A California college student has been charged with allegedly creating a mobile gaming app to sell drugs on campus, federal prosecutors announced Tuesday.
Collin Howard, an 18-year-old college freshman at the University of California, Santa Cruz, was indicted by a federal grand jury for “distribution and possession with intent to distribute cocaine and methamphetamine,” the U.S. Attorney’s Office for the Northern District of California said in a press release.
Prosecutors alleged that last fall Howard developed Banana Plug, a mobile gaming app that paid homage to Sammy the Banana Slug, the school’s mascot.
On the app, which prompted users to change all the banana tiles into electrical plugs to “win” a game, advertised cocaine, “Molly,” and “shrooms,” the U.S. Attorney’s office said. “The app also invited customers to make special requests.”
To advertise his app, which was originally published to Apple’s App Store in October and updated twice in November, Howard allegedly hung posters around campus, catching the attention of UC Santa Cruz police.
Working in conjunction with an office of the Department of Homeland Security, an undercover agent used the app and Snapchat to buy marijuana and cocaine from the teen, prosecutors said.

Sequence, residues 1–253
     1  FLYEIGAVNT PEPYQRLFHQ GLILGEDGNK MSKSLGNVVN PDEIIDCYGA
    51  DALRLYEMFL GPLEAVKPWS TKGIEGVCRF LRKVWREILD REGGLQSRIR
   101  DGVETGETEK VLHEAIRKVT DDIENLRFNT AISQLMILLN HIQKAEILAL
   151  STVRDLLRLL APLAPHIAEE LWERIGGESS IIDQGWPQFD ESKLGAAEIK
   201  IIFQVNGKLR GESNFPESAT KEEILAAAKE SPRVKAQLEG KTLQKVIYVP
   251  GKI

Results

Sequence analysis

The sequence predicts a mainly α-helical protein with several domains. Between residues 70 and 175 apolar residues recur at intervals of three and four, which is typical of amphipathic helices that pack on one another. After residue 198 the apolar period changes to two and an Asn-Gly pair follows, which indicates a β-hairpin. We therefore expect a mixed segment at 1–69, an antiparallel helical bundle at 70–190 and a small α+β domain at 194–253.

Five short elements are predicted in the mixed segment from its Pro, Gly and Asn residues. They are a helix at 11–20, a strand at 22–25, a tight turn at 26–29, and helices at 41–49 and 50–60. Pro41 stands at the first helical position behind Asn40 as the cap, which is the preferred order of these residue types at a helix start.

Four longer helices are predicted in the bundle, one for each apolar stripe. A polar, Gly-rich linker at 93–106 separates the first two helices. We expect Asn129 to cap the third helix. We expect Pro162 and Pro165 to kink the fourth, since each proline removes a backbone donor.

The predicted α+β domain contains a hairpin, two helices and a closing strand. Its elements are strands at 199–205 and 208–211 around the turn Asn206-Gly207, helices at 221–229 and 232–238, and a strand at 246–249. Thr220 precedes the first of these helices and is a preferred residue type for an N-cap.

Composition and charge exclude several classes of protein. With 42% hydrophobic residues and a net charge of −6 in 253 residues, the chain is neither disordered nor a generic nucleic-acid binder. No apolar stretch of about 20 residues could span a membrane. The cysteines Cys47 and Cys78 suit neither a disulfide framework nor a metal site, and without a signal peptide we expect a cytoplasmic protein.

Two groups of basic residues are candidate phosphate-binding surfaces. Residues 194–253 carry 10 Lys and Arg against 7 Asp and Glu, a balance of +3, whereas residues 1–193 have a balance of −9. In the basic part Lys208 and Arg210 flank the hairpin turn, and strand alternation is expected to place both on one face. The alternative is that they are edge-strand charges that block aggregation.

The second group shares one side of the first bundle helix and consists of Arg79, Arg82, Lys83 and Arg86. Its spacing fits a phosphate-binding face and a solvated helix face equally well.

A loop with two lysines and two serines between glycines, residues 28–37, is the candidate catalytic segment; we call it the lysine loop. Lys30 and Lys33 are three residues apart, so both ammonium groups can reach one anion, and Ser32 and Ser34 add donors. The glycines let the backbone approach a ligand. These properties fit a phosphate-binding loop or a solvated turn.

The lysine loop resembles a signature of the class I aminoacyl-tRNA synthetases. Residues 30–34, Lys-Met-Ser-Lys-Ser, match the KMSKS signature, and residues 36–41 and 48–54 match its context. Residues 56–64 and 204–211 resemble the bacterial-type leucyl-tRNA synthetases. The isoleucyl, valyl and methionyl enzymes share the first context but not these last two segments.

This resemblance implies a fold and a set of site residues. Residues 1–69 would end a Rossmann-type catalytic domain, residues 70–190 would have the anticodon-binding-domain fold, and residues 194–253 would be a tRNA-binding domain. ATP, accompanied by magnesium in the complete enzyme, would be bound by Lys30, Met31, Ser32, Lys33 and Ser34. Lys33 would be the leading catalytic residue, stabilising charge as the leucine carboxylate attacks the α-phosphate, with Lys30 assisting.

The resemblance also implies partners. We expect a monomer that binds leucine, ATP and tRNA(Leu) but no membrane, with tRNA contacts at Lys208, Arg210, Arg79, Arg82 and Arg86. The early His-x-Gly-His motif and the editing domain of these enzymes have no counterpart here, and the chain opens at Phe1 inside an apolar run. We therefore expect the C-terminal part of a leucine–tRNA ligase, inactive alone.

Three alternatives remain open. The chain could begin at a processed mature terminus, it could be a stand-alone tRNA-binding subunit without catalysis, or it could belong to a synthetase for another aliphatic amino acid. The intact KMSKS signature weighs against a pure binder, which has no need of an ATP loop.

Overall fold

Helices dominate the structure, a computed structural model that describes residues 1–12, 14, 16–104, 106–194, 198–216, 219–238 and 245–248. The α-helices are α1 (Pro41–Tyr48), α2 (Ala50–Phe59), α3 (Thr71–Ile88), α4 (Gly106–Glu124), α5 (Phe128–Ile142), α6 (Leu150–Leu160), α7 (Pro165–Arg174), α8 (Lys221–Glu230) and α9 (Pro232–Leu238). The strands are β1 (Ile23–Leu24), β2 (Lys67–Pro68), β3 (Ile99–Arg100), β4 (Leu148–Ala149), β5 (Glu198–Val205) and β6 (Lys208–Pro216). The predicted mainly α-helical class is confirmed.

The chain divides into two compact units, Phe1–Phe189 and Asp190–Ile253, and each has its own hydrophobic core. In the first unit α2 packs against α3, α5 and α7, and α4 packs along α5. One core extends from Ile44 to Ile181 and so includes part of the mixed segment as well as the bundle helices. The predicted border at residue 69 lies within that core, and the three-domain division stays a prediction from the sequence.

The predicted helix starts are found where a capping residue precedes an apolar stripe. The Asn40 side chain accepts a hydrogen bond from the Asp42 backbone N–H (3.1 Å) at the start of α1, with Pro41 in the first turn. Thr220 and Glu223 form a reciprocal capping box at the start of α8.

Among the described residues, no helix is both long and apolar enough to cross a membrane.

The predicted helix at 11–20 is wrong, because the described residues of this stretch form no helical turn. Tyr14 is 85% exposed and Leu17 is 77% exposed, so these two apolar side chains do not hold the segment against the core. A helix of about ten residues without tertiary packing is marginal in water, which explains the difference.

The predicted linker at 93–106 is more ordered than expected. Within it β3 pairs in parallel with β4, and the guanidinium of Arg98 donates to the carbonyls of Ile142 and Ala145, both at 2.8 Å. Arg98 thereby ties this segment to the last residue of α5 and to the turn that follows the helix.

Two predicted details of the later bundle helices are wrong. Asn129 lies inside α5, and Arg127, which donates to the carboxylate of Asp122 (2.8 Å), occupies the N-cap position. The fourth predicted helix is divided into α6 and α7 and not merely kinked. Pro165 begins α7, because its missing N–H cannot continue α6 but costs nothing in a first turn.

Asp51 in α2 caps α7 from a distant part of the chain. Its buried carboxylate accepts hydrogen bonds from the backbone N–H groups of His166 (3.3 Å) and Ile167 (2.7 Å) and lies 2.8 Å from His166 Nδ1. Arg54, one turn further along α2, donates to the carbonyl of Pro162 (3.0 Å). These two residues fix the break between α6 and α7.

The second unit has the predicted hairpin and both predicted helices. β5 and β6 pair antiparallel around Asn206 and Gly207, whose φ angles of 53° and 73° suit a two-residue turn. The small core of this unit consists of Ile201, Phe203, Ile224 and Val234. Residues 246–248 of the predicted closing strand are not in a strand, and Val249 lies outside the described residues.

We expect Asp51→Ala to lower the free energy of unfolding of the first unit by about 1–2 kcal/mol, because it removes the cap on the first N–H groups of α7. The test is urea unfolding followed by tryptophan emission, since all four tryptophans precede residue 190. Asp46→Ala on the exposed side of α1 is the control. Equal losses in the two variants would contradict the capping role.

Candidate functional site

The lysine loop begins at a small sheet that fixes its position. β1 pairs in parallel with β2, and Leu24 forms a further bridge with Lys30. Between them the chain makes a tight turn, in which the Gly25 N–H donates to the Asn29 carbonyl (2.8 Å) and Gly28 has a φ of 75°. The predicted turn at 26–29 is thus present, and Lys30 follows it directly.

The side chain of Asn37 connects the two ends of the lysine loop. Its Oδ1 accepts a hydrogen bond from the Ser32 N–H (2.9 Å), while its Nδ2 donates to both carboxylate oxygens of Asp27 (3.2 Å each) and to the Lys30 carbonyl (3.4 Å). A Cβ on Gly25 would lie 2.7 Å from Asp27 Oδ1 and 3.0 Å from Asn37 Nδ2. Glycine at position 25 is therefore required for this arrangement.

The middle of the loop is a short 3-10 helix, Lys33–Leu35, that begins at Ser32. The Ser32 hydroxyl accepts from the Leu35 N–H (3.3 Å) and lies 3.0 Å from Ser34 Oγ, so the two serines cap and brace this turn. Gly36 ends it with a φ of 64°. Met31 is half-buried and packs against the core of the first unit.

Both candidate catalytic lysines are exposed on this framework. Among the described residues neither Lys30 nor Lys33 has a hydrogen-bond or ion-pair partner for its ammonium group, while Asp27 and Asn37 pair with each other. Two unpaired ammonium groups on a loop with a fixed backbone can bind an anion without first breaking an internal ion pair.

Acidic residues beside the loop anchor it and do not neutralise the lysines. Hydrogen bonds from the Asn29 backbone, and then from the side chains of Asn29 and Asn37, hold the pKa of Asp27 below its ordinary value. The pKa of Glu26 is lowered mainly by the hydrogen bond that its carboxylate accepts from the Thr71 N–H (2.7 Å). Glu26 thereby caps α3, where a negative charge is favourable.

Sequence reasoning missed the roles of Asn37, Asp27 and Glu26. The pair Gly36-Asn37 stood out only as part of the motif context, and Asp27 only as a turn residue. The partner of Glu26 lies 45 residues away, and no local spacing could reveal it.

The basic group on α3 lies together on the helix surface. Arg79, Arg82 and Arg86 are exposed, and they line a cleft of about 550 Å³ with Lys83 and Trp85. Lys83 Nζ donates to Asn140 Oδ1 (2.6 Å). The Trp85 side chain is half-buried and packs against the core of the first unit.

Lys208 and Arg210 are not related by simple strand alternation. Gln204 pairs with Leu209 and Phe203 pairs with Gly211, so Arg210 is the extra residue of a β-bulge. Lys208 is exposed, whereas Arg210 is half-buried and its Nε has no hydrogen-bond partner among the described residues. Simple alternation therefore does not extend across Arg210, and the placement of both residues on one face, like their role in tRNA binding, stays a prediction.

The agent “continued to communicate with Howard on Snapchat to set up three additional purchases of controlled substances,” the release said. Authorities alleged that they bought more than 10 grams of methamphetamine between two transactions.
On Friday, during the fourth meeting with the undercover agent, UC Santa Cruz police officers arrested Howard on four charges before the final payment was made.
As of Wednesday morning, Banana Plug was still available for download via Apple along with its teaser description: “We Have What You Want.” The app page was no longer working, however, by Wednesday afternoon.
Apple and UC Santa Cruz did not immediately respond to The Daily Beast’s request for comment.
Howard was release from custody after his initial court appearance Tuesday night, authorities said, and it was not immediately clear if he has retained an attorney. If convicted on both charges, the teen faces a maximum of multiple decades in prison and up to $10 million in fines.